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Greenwood Genetic Center’s Heather Flanagan-Steet Awarded $100,000 Grant from National MPS Society

The National MPS Society has awarded a $100,000 grant to Heather Flanagan-Steet, PhD, Director of Functional Studies at the Greenwood Genetic Center (GGC). Flanagan-Steet will lead the two-year project designed to better understand the biology of skeletal disorders in patients with these rare disorders and identify new therapies.

Mucopolysaccharidoses (MPS), as a group, affect approximately 1 in 25,000 individuals. These progressive diseases cause widespread damage throughout the body, including the heart, bones, joints, respiratory system and central nervous system, leading to a shortened lifespan. Skeletal abnormalities are a common feature of MPS disorders and can lead to pain, impaired growth, and limited mobility.

Flanagan-Steet’s work will involve the use of zebrafish models of three MPS disorders, MPS II (Hunter syndrome), MPS IVA (Morquio syndrome), and ML II (I-cell disease), to pinpoint common pathways involved in the bone and cartilage disease seen in patients with MPS.

“Because zebrafish and humans share 70% of the same DNA, we can mimic MPS in the zebrafish, allowing us to study how the patient mutations actually cause the clinical features of these disorders,” said Flanagan-Steet. “The fish provide a really powerful tool both to help us understand exactly how these skeletal issues develop and then to assess which treatments may improve or prevent those issues. By directly comparing the mechanisms in these three different disease models, we hope to identify therapeutic approaches that may benefit multiple diseases.”

The MPS Society provides support resources for families as well as funding for research into this group of disorders which can affect the health, development, quality of life, and lifespan of affected individuals. GGC has a long-standing interest in MPS disorders including providing clinical care, diagnostic testing, and research for many of these rare conditions.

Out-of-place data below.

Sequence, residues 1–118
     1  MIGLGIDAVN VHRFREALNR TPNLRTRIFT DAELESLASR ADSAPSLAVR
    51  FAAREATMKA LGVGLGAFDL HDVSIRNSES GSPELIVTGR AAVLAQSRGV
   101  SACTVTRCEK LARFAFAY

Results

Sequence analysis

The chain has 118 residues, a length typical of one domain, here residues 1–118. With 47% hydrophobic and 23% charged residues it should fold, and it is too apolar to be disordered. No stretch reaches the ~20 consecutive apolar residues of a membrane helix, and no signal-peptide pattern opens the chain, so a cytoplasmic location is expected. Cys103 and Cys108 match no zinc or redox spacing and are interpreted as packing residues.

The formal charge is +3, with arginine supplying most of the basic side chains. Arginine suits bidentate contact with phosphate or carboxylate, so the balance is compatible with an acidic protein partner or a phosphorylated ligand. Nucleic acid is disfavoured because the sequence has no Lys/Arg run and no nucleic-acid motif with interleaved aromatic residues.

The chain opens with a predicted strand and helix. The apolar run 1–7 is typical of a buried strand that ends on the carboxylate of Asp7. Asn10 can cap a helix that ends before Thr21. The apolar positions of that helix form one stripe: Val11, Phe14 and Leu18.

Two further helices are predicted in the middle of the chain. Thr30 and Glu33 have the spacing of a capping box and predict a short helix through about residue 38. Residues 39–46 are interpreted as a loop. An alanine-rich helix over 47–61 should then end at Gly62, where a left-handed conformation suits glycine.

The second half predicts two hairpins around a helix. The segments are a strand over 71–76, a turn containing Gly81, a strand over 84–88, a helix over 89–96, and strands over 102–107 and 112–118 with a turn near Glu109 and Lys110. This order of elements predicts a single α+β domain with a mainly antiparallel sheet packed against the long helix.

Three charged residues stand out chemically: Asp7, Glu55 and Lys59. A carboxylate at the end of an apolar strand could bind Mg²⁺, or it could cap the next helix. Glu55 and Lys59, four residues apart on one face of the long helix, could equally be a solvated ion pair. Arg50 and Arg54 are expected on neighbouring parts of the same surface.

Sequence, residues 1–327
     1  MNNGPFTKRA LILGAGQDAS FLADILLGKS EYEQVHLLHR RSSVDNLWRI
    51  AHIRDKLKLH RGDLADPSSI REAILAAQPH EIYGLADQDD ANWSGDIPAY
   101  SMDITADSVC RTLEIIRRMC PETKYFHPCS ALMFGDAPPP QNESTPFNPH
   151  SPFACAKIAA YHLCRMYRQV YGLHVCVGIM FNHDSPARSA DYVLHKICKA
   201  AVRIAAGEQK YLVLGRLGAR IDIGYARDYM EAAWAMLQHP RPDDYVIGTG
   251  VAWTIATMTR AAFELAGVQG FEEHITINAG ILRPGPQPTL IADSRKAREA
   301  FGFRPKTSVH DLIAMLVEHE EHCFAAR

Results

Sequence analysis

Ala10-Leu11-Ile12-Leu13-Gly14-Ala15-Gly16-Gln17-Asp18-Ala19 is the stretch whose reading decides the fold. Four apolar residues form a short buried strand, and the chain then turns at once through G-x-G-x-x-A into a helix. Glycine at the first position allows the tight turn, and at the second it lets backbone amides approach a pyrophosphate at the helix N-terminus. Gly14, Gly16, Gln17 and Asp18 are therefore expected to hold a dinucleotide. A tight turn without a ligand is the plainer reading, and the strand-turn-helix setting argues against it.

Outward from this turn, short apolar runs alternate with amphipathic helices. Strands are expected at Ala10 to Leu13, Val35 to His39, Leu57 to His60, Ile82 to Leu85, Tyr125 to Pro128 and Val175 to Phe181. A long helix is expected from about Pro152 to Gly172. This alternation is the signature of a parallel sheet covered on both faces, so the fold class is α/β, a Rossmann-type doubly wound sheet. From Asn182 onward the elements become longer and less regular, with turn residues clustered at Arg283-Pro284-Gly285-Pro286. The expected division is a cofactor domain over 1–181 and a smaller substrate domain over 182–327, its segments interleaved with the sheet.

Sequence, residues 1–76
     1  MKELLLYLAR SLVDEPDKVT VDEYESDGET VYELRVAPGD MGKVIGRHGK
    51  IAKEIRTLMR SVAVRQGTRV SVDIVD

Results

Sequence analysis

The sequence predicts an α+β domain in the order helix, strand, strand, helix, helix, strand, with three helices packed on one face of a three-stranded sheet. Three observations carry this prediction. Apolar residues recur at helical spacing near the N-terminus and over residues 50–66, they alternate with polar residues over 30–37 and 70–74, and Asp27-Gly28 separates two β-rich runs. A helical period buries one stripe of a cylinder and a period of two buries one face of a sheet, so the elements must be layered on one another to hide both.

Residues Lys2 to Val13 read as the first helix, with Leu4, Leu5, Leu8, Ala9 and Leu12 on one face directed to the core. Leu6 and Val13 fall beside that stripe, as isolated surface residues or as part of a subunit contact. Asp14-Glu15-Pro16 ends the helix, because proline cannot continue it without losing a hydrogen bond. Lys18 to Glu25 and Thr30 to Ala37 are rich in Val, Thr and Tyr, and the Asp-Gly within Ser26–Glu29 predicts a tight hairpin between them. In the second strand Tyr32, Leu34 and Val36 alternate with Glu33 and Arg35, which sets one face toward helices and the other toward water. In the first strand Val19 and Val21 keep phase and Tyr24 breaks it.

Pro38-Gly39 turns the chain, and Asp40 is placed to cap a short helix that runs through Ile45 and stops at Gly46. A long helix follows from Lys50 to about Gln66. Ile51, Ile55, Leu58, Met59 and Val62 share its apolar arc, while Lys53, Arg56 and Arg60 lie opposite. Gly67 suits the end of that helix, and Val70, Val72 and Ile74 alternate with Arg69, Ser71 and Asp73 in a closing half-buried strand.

“We are so grateful for the support of the MPS Society, an organization led by families who are dedicated to raising awareness, supporting research, and ultimately finding cures for these disorders,” said Flanagan-Steet. “We are excited to advance this work and contribute to improving the quality of life for all individuals and families impacted by MPS disorders.”


About the MPS Society

The National MPS Society exists to cure, support, and advocate for MPS and ML. Their mission serves individuals, families, and friends affected by Mucopolysaccharidoses and Mucolipidosis through supporting research, supporting families, and increasing public and professional awareness. For more information on MPS and ML, please visit www.mpssociety.org.

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Tamia Sumpter

Tamia is a driven senior undergraduate Bioengineering student currently enrolled at Clemson University. With a strong foundation in her field, she has honed her skills through hands-on experience in research and development at Eli Lilly & Company. During her time in the ADME department, Tamia contributed significantly by working on siRNAs and their applications in finding In Vitro-In Vivo Correlation (IVIVC). Looking ahead, Tamia has set her sights on a promising career in law. She aspires to specialize in Intellectual Property Law, with a particular focus on serving as in-house counsel for leading medical device or pharmaceutical companies. Her enthusiasm for this role is palpable as she prepares to embark on her legal journey! She is also a proud member of the Omicron Phi chapter of Delta Sigma Theta Sorority, Inc., PEER Mentor for Clemson PEER/WiSE, and currently serves as the President of Clemson Bioengineering Organization (CBO). With her unique blend of scientific knowledge and legal interests, Tamia is poised to make a meaningful impact in the healthcare and life sciences industries.